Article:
Through the support and advice service that MyPlus provides to employers we have increasingly been approached by employers asking for help in going about attracting disabled students in a virtual world. It is more important than ever that employers are focusing on this and consider how they appear in the virtual world, where data and online is at the fingertip of every student.
Ensuring every touch point that a disabled student experiences from your messaging and engagement to your website and the support you offer, provides them with confidence that you are accommodating and welcoming of applicants with disabilities and mental health conditions.
Depending on their disability, for some students the whole virtual world is a huge challenge whilst for others it’s been a big win; for example not having to deal with the challenge of commuting to work. As each disability is different so the impact has been different for disabled individuals. The key for employers is communication, to not make assumptions and to engage in conversation regarding what works for the applicant.
3. Growth in interest in invisible disabilities and health conditions
With the increase in individuals being diagnosed with neurodiverse differences and mental ill health, MyPlus Recruiters’ Club – an expert membership forum which supports employers recruiting and developing disabled graduates – has seen extraordinary numbers of employers attending events that cover invisible disabilities, more so than ever before.
As the mental health of students continues to decline, this demand reflects how employers are recognising this and trying to understand how to ensure their recruitment processes are mentally healthy, particularly for early years recruitment. Results from research in early 2020 conducted by the City Mental Health Alliance found that:
- 76% of young job seekers say they have experienced poor mental health.
- 91% are more likely to apply to an employer that shows commitment to support mental health and well-being.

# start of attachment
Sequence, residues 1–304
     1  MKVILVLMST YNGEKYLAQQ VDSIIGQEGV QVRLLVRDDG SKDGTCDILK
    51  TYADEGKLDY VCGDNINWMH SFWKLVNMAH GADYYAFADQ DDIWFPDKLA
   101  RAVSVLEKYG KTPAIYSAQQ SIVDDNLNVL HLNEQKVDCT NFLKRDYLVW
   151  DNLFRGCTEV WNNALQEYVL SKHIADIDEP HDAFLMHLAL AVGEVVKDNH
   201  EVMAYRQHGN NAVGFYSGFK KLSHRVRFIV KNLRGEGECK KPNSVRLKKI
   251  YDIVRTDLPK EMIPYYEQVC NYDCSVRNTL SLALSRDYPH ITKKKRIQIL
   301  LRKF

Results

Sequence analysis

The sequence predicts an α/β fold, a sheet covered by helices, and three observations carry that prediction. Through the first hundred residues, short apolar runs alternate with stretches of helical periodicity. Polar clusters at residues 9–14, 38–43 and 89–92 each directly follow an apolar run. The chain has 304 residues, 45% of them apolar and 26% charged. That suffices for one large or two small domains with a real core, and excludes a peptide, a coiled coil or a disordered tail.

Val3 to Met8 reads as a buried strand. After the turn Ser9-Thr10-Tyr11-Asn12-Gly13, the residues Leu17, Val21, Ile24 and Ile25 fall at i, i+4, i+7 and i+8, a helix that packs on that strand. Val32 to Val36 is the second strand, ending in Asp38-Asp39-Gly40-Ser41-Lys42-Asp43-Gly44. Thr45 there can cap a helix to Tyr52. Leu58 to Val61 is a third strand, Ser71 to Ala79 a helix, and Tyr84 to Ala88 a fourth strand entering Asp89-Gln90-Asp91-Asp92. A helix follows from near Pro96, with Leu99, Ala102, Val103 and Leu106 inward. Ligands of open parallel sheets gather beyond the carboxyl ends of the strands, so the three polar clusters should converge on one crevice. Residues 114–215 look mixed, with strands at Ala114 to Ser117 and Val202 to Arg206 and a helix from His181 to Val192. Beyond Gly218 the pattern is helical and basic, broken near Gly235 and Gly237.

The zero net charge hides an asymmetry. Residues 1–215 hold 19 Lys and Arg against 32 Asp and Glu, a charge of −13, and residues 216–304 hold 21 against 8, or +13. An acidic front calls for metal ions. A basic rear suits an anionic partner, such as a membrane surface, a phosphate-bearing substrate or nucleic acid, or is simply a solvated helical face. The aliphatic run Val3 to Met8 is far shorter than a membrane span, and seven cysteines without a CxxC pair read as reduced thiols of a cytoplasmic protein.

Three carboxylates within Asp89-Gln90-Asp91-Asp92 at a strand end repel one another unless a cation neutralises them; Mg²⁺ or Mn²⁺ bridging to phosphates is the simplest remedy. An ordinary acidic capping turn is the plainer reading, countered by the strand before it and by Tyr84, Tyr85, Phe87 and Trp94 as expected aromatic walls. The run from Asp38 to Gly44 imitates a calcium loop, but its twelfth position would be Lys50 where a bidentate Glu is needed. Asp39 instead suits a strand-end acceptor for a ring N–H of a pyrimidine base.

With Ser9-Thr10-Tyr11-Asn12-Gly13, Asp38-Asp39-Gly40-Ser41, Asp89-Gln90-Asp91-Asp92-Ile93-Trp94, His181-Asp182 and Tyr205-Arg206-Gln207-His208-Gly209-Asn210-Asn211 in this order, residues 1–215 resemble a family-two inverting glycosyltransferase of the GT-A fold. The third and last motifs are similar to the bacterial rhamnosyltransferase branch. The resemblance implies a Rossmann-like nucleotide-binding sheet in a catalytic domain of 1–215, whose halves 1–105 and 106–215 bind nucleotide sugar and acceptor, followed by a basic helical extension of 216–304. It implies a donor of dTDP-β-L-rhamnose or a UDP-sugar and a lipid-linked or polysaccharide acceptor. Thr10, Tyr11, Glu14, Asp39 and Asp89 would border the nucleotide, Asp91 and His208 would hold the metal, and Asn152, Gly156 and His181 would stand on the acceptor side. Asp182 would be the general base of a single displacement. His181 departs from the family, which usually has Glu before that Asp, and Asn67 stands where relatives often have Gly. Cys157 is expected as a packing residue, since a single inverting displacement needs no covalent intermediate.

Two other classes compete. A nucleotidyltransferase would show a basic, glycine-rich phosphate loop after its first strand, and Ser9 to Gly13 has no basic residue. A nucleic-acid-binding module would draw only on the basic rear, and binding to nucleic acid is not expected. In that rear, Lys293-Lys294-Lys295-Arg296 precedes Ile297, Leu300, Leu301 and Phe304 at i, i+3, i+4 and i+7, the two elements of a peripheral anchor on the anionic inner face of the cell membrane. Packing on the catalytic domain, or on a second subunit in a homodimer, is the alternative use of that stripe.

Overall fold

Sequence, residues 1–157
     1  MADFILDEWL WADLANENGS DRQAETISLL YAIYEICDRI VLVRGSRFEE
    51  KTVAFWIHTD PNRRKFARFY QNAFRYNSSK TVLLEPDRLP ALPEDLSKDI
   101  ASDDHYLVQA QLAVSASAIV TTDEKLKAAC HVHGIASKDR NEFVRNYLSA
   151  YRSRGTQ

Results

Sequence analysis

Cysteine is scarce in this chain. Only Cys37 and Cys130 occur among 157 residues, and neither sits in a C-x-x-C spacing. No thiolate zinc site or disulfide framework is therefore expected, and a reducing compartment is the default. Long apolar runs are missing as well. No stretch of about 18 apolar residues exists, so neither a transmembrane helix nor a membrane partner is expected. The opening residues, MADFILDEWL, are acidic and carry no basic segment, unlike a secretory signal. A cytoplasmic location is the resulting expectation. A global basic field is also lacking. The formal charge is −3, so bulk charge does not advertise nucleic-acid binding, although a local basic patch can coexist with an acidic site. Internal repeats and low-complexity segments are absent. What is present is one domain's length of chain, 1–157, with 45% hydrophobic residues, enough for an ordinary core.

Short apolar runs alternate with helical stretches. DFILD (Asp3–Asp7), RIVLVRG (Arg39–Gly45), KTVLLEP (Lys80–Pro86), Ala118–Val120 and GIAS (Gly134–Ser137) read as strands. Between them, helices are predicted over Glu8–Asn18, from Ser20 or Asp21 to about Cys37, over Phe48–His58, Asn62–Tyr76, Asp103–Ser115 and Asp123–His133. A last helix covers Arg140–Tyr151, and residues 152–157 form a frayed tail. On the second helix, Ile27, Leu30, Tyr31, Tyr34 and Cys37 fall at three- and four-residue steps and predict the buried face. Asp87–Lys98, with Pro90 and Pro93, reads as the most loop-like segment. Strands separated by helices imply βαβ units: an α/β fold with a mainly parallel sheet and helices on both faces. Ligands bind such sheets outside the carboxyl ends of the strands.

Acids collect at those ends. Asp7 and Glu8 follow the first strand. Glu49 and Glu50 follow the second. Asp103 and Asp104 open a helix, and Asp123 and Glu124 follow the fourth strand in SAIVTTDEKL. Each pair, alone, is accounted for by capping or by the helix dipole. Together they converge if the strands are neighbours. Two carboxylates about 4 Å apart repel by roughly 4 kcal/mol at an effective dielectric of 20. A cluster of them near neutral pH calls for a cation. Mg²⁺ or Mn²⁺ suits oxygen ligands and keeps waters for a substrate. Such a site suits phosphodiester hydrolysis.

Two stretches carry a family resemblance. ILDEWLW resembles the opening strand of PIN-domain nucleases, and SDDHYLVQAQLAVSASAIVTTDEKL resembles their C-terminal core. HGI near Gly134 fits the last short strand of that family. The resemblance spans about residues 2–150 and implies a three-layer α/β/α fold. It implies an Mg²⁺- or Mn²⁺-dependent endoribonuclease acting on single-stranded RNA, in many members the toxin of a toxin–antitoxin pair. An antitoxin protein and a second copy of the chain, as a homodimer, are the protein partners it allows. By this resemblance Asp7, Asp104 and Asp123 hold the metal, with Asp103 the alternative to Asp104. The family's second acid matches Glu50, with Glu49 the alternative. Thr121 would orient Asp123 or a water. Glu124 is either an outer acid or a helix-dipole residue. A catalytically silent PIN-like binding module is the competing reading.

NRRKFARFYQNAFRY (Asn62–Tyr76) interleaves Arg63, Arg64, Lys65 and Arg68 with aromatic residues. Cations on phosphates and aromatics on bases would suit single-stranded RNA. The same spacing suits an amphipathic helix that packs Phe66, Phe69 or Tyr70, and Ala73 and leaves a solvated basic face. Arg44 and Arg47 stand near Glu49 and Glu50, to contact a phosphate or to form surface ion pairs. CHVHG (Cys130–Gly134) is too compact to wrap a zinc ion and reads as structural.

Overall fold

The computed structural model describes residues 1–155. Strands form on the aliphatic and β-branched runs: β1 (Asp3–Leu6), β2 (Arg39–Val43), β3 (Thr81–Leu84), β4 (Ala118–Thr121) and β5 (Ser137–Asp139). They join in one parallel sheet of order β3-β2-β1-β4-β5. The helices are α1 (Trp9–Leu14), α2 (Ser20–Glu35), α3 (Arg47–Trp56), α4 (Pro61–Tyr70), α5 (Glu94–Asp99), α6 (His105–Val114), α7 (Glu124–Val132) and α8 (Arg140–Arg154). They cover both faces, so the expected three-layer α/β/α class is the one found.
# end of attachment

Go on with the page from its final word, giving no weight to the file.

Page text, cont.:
- 48% actively research a company’s commitment to diversity before applying.
These results highlight the importance and need for student employers to consider their attraction and recruitment strategies to ensure that they are not only able to recruit these talented students but that they are providing the support required to enable the students to succeed.
This is also reflected in our MyPlus Students’ Club webinars, which provide careers advice and support for disabled students. We are seeing an increasing number of students with mental ill health and neurodiverse conditions attend. It’s a huge focus both from the student and the employer perspective as more and more organisations recognise that poor mental health amongst students and recent graduates is on the increase and that if employers don’t look after people both during the recruitment process and once they’ve joined the organisation they’re going to miss out on a huge talent pool.
Whilst MyPlus don’t suggest that employers become experts in all the individual visible and invisible disabilities and health conditions we do recommend that organisations look at all their interactions and how they communicate with students. Ensuring that you demonstrate your support, train your recruitment teams and make it easy for the students to request support during the recruitment process and once they join the organisation is key if you are serious about becoming a disability confident employer and benefiting from this growing talent pool.